Going to school, college and university
Schools and colleges will remain open during term time in Tier 4 areas. The government will continue to prioritise the wellbeing and long-term futures of our young people. It remains very important for children and young people to attend, to support their wellbeing and education and help working parents and guardians. Senior clinicians still advise that school is the best place for children to be, and so they should continue to go to school during term time.
We expect that the majority of university students, other than those who need or choose to remain at university, will now have returned to their family home during the ‘student travel window’, , although they are permitted to temporarily move to a “vacation household” during the period that began on 3 December up to 7 February. We have published guidance on how they can do so safely.
We have also published guidance to universities and students on how students can return safely to higher education in the spring term. This guidance sets out how we will support higher education providers to enable students to return as safely as possible following the winter break, by staggering this process and to facilitate testing for all.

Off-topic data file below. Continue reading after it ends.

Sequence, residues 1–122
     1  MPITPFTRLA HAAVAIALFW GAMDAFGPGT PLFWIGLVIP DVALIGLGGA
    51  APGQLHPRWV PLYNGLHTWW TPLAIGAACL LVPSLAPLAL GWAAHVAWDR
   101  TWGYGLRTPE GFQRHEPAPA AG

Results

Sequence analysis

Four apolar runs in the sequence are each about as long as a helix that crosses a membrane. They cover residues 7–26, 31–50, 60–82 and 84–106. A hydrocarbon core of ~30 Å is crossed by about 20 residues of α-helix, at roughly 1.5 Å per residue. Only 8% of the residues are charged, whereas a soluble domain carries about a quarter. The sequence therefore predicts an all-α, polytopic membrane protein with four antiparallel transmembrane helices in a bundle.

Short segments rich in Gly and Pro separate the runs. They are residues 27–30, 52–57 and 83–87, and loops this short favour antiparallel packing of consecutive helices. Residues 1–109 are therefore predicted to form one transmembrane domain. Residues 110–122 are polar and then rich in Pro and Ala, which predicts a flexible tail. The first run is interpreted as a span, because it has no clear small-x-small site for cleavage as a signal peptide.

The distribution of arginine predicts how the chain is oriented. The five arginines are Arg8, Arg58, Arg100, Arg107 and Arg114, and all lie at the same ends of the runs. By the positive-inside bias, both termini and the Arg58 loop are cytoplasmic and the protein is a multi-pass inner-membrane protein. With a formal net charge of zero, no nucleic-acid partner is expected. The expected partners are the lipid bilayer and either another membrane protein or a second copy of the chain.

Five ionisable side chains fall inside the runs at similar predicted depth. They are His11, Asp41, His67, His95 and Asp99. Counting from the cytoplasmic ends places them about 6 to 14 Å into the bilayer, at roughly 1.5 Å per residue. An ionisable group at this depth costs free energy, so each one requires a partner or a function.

If you live at university, you should not move back and forward between your permanent home and student home during term time.
Universities should follow guidance on reopening buildings to ensure they have safety measures in place to minimise the spread of the virus.
If you’re a student, you can meet in groups of more than your household as part of your formal education or training. Students should expect to follow the guidance and restrictions. You should socially distance from anyone you do not live with wherever possible.
The Government has confirmed that all secondary schools and colleges in England will be offered help, support and facilities to implement an additional round of free coronavirus testing from the first week of January.
This will be alongside a staggered return to face-to-face education in secondary schools, starting with exam years, vulnerable children and children of critical workers.
The offer of tests builds on the extensive protective measures already in place in schools and colleges to make them safe, as well as the government’s recent announcement that every secondary school and college in England will have access to rapid testing from January.
In schools and colleges where year 7 and above are educated, face coverings should be worn by adults (staff and visitors) and pupils when moving around indoors, such as in corridors and communal areas where social distancing is difficult to maintain.